The Parade opens with the fiery fretwork of “Wake Up” — a clarion call “waking you up from your dream to show you what it’s really like.” Sover places you in the shoes of a Black person in present-day America, imploring the listener to realize the toll everyday racism takes. Following “Wake Up” is an interlude (instrumental) dedicated to George Floyd. The band’s take on Cream’s “Politician” was released as a single in time for the primary election season.
“Well, I wanted to get more edgy on this one,” he says of his current trajectory. “I wanted the guitars to be a bit louder. The other albums were a little more bluesy. But this one you definitely hear the rock influences with a lot of guitars — kind of screaming, guitar solos. I tried to add a little difference in my vocals where kind of yell everything on certain songs. So it was just more of an aggressive approach that I wanted to take on this one.”
Sover’s lead vocal on “Never Going to Stop” is a radiant example of this approach. He pens a more personal touch on “Never Too Late,” an acoustic tribute to his late mother. Before quarantine, there were originally going to be ten songs instead of the six. He says he loves all tracks equally, and for different reasons.
“Because I’ve touched on different genres a little more on this one. ‘Feelin’ Sumthin’ shows my blues side more than anything.” On that particular song, it’s almost as though Hendrix’s electric rock and roll influence on Sover gets funneled into his own delicious brand of swampy resonator blues.
Of his bandmates, he says, “I’ve been with these guys about six years now. They knew each other pretty well, so I kind of just came into the picture. With the caliber of musicians they are, I felt like I needed to become better myself. I felt like I had to catch up and become a better musician myself.
“So as serious as I was taking the guitar, I took it more serious and I took the music and the writing more serious. Because I was playing with guys that were polished, you know? So you think you know, and sometimes you just don’t know anything.”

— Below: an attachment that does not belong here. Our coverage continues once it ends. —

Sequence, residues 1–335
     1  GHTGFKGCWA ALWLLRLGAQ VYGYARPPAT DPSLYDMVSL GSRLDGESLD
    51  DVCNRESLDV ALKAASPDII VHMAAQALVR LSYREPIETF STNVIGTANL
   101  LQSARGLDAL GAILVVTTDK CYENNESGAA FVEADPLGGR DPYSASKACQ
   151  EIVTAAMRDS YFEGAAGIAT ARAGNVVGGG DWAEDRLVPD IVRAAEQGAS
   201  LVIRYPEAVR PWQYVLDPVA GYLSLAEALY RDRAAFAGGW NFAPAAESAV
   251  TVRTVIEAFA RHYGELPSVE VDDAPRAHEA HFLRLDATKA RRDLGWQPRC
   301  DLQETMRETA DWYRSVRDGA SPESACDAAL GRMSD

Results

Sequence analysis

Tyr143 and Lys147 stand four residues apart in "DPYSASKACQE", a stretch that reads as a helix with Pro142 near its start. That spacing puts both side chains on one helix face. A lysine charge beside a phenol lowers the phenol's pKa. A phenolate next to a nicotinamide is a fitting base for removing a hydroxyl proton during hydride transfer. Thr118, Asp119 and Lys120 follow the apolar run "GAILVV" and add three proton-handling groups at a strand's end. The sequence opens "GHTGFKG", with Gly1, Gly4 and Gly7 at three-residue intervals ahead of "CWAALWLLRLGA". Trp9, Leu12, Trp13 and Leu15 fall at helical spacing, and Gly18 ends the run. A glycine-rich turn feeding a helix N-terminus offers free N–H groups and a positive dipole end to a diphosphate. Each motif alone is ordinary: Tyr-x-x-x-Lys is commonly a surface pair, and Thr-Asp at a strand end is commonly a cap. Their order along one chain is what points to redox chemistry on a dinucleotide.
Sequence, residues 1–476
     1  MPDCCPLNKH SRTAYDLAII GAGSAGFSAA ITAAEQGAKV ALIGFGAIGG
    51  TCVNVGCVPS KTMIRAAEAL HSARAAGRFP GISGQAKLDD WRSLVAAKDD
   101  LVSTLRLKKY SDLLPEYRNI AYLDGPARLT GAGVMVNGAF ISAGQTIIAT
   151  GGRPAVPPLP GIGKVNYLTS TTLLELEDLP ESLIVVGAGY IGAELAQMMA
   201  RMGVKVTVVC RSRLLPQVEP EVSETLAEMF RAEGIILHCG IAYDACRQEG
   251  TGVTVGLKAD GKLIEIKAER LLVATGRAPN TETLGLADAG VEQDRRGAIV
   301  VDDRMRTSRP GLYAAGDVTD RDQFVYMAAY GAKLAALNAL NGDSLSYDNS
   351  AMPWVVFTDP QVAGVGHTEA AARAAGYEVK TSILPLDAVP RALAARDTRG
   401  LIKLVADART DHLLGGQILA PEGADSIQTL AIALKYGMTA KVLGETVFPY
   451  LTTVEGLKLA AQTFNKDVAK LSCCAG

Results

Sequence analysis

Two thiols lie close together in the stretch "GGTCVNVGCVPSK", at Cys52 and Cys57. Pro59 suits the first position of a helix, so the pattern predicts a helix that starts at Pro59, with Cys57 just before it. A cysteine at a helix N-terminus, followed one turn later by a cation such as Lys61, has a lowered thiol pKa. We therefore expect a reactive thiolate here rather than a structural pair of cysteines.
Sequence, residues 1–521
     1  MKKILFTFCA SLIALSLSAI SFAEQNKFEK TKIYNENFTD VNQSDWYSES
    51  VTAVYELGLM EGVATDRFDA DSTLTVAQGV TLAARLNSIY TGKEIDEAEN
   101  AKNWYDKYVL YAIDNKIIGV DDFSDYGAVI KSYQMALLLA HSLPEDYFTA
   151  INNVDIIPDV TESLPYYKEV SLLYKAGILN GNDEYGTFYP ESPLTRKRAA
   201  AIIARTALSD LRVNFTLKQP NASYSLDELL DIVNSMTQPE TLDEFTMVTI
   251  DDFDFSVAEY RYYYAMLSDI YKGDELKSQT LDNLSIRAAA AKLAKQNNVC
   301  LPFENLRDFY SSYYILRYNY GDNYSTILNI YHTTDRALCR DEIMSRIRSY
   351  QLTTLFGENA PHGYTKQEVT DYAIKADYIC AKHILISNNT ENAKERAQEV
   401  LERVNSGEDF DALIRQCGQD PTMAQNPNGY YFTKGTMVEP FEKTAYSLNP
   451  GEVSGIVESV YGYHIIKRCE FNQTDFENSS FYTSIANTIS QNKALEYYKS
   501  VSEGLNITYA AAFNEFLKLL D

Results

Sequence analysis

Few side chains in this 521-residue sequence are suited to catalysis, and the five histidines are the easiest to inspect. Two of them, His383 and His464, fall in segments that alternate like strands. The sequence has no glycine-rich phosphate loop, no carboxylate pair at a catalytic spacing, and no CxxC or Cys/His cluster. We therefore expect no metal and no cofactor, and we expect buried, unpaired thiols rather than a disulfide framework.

Recorded in the Germantown neighborhood of Philadelphia, The Parade was co-produced by Garry Lee and Mike Tarsia with Sover. He credits his environs for the EP’s gritty sound. “I like to blame that rough sound on where we recorded it: it was rough; it was gritty. It was getting work done in a studio, you know?
“We recorded the album there before quarantine. So for the last two sessions we were in a studio in New Jersey called Grace.” He finished his writing, laid some guitar parts down, and had the guys come in and contribute. “And then fast forward, The Parade.”
The new album has been greeted with much fanfare on local and international radio stations. Sover is optimistic about a tour in support and is thankful for the livestream platform in the meantime.
“I still managed to find a way to stay busy during the pandemic. Not as busy as I would like, but we stay busy. Some famous radio stations out here allowed me to take over their Instagram, and I got to perform in front of their audience. I did a bunch of my own Facebook Live sessions as well, where I go live on my page and still engage with my audience.
“There were still some shows; the capacity was probably 20 people, but it was still good to get out there and have the people enjoy the music. It’s been pretty good. My fans have been pretty generous. It’s like I haven’t stood still; things are still going.”